Weekend Edition, heard Sundays on National Public Radio, recently had a contest for listeners to create a riddle whose answer is a spoonerism. As you all know, or should if you read Words Gone Wild (Skyhorse Publishing, $22.95), a spoonerism is a transposition of the initial sounds of two words so that it results in two other words, preferably humorous in their context. The Rev. William Archibald Spooner, who was a very dizzy bean of New College at Oxford University, was noted for committing this verbal blunder—expressions such as “the Lord is shoving leopard” and the like.
The winning entry of the NPR competition was from Michael True of Falls Church, Virginia—or was that Michael Falls of True Church, Virginia? Anyway, his riddle, judged the best of probably hundreds, maybe thousands, that were submitted, is: What’s the difference between a wedding chapel and a restaurant’s daily specials? The answer: One is a marrying venue, and the other is a varying menu.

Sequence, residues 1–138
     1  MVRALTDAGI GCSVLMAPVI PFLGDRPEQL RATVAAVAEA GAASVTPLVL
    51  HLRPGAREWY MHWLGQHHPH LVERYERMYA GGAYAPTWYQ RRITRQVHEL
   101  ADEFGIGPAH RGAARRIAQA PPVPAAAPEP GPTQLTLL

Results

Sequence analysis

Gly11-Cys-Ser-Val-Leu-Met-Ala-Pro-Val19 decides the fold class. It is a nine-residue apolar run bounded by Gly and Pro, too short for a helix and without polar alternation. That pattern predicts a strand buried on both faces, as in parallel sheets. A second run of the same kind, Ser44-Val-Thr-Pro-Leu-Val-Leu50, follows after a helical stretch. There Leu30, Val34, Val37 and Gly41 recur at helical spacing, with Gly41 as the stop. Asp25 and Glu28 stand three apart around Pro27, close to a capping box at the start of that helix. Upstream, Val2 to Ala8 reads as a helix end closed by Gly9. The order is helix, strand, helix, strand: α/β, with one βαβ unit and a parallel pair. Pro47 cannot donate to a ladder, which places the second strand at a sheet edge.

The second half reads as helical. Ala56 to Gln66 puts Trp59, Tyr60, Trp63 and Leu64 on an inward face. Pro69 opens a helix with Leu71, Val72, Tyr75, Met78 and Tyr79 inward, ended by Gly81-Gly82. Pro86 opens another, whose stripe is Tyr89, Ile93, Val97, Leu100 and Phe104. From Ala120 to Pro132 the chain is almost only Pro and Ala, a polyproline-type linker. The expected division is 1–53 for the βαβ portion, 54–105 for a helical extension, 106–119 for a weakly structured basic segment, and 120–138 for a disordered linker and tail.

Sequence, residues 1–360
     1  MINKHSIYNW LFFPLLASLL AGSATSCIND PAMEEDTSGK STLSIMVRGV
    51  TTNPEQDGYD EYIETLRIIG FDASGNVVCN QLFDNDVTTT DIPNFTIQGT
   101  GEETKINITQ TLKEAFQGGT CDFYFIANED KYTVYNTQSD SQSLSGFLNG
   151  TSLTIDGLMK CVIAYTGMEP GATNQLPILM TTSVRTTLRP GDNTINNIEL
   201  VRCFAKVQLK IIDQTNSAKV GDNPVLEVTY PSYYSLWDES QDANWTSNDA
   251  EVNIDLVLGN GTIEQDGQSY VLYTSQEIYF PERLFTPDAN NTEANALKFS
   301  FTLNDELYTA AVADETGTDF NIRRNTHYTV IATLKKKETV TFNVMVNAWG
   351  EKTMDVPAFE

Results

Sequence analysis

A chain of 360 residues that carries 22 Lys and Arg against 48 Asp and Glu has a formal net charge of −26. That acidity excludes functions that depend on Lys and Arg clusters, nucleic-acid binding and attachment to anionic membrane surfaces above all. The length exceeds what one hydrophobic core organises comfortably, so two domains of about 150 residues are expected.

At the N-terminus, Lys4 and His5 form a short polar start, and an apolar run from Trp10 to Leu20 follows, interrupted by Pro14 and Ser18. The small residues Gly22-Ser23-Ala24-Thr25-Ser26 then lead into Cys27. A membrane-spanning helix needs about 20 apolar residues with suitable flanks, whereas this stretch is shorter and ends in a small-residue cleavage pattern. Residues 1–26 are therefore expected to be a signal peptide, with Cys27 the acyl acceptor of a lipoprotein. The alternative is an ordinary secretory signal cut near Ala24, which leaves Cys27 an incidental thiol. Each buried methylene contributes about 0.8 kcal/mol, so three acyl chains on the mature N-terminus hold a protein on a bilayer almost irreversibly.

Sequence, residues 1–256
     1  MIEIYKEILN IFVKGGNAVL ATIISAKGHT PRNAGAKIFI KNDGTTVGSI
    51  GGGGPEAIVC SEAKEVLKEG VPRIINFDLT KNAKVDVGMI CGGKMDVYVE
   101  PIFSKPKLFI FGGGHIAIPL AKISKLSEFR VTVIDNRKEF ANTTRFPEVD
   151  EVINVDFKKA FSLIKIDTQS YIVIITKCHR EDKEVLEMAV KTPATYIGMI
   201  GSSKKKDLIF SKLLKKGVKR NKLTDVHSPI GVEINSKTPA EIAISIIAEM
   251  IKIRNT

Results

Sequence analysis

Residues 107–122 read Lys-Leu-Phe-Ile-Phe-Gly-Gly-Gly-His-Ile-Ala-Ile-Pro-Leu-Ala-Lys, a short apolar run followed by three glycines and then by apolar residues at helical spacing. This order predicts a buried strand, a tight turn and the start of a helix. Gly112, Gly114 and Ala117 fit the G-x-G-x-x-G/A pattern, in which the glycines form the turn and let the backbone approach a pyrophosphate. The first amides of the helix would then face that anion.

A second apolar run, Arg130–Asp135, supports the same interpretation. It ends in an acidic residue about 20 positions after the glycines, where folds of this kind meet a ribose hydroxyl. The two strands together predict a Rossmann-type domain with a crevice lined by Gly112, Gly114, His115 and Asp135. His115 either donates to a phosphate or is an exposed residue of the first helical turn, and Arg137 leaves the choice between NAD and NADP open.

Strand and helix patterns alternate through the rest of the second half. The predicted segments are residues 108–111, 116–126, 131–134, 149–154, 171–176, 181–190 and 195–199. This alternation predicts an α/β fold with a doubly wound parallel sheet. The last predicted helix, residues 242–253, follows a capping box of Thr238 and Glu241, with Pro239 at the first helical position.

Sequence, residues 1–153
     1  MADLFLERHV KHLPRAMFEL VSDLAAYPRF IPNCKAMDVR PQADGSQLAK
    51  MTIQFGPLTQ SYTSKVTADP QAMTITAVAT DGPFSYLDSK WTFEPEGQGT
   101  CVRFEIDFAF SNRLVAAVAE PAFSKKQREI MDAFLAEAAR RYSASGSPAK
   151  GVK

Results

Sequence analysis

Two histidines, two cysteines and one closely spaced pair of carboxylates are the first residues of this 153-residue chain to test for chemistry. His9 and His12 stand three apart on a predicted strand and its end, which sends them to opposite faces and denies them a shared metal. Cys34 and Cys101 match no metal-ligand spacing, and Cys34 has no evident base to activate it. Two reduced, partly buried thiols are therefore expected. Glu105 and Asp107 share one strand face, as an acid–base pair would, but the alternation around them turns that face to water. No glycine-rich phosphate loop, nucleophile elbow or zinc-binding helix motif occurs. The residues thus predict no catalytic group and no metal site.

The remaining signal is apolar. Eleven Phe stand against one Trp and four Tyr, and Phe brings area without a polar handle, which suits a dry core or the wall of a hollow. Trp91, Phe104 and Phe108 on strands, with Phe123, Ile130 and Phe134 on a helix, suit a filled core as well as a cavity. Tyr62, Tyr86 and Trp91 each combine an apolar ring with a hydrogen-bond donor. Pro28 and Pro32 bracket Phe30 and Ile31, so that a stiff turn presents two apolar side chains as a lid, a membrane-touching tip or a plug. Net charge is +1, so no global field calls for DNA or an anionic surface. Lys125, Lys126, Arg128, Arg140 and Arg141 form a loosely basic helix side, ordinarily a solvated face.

The runners-up were pretty good, too. Pat Mauer of Los Angeles wanted you to guess the difference between a guinea hen and a young witch, and if you didn’t know, you would be told: One is a wild chicken and the other is a child Wiccan.
I also liked Gary Disch’s third-place entry, all the way from Ottawa: the difference between a dasher and a haberdasher is that one makes short spurts and the other makes sports shirts.
The Bud of Barfalo Bayou has been known to spoonerize in his time, too.
In full-length mink and fine fur hat,
She thought that she disguised her fat.
Most people found her fur suit hairy,
And thought she was a hirsute fairy.